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On Gardening: This summer head to Rockapulco for shady color

Norman Winter, Tribune News Service on

Published in Gardening News

The past couple of weeks gardeners have been writing to me asking for ideas for colorful combinations in baskets, window boxes and containers for shady environments. I like to quip back in humor and ask how they would like a rose? Everyone would, of course, except for the thorns, but the rose I am talking about is for the shade, has no thorns and blooms until the first freeze.

Truth be told, it is not a rose at all, though each and every blossom looks just like the perfect miniature rose. They are actually Rockapulco impatiens. I am finding a whole generation of gardeners have had these impatiens slip by unnoticed. So, to bring you up to date There are now eight colors in the Rockapulco series and they have won a whopping 69 awards.

They reach about 20 inches tall with a 24-inch spread, and though they require shadier type environments, they have the ability to brighten those areas with luscious color and texture.

I have grown them easily in fertile organic rich beds, but there is something extra special about them in containers, baskets and window boxes where I can get up close to see their exquisite blooms. Though they don’t require deadheading its easier to do any snipping or tidying up if I am not crawling around on the ground. But their beauty will make you want to feel like you are doing something to help.

Your help will come at the start by choosing a good site with early morning sun followed by shade protection during the heat of the day. High shifting filtered light may be the best of all worlds, giving them light and retreating throughout the day.

For container type growing, choose a really good, freely draining potting mix. This will take away any fears of overwatering. Since you will be watering most days during the long hot summer you will be leaching nutrients. So make plans to feed with a water-soluble fertilizer every 2 to 3 weeks.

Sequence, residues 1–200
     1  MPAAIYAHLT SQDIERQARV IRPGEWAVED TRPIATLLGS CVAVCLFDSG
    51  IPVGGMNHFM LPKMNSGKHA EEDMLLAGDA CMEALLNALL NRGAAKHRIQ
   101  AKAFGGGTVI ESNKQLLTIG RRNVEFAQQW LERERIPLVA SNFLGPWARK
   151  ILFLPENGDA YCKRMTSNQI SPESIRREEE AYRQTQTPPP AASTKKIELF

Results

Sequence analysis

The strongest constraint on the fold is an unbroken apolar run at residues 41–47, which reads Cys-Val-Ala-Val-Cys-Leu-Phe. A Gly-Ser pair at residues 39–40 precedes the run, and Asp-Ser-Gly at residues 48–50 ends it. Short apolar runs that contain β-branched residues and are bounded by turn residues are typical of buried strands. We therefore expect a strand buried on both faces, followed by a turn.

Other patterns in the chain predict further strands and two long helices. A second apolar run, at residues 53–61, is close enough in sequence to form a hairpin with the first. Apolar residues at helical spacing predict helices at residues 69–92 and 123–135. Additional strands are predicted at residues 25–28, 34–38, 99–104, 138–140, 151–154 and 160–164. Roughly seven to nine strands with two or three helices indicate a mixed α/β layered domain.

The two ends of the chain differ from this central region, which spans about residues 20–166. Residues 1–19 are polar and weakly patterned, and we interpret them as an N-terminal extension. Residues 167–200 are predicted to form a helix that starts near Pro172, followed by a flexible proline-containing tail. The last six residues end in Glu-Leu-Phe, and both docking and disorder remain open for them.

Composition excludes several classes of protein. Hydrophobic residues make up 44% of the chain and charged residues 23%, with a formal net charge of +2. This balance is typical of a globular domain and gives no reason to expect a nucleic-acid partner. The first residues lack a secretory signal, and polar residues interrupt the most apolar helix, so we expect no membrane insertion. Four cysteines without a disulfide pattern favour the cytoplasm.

Rockapulco impatiens, those rose forms, are like any other shade lovers when it comes to companion planting. Heart to Heart caladiums, Shadowland hostas and Primo or Dolce heuchera quickly come to mind as landscape companions and mixed containers too.

But there are other opportunities you don’t want to miss. The Rockapulco Appleblossom, for instance, looks like rare porcelain China. Partner with Diamond Frost euphorbia, Silver Falls dichondra and some small variegated ivy and the look will be worthy of a painting.

But I have had the opportunity to see and photograph baskets where Rockapulco impatiens were partnered with ornamental sweet potatoes. It is hard to choose a favorite but one with Rockapulco Coral Reef was a "holy wow." Its partners were Sweet Caroline Medusa Green sweet potato and Summer Wave Large Violet torenia or wishbone flower.

Then there was another basket with Rockapulco Tropical Shades impatiens, Sweet Caroline Sweetheart Lime sweet potato and Endless Illumination Browallia with blue flowers.

Proven Winners, however, have recipes that will knock your socks off. One is called Eclipse of the Sun Outside. It features Rockapulco Tropical Shades impatiens, Sweet Caroline Sweetheart Lime sweet potato, ColorBlaze Chocolate Drop and Wicked Hot coleuses.


Planting season is approaching at warp speed. If you have some filtered light areas that need to come alive with color, put Rockapulco impatiens high on your list. You will no doubt say, where have these been?!



Rockapulco Appleblossom, is an award-winning impatiens, with a look of rare China. Here it is partnered with Diamond Frost euphorbia, Silver Falls dichondra and ivy.

Rockapulco Coral Reef impatiens dazzles in the hanging basket featuring Sweet Caroline Medusa Green sweet potato and Summer Wave Large Violet torenia or wishbone flower.

This hanging basket features Rockapulco Tropical Shades impatiens with Sweet Caroline Sweetkeart lime sweet potato and Endless Illumination browallia.

This recipe is called Eclipse of the Sun Outside and features Rockapulco Coral Reef impatiens, ColorBlaze Wicked Hot and Chocolate Drop coleuses and Sweet Caroline Sweetheart lime sweet potato.


(Norman Winter, horticulturist, garden speaker and author of “Tough-as-Nails Flowers for the South” and “Captivating Combinations: Color and Style in the Garden.” Follow him on Facebook @NormanWinterTheGardenGuy.)

(NOTE TO EDITORS: Norman Winter receives complimentary plants to review from the companies he covers.)

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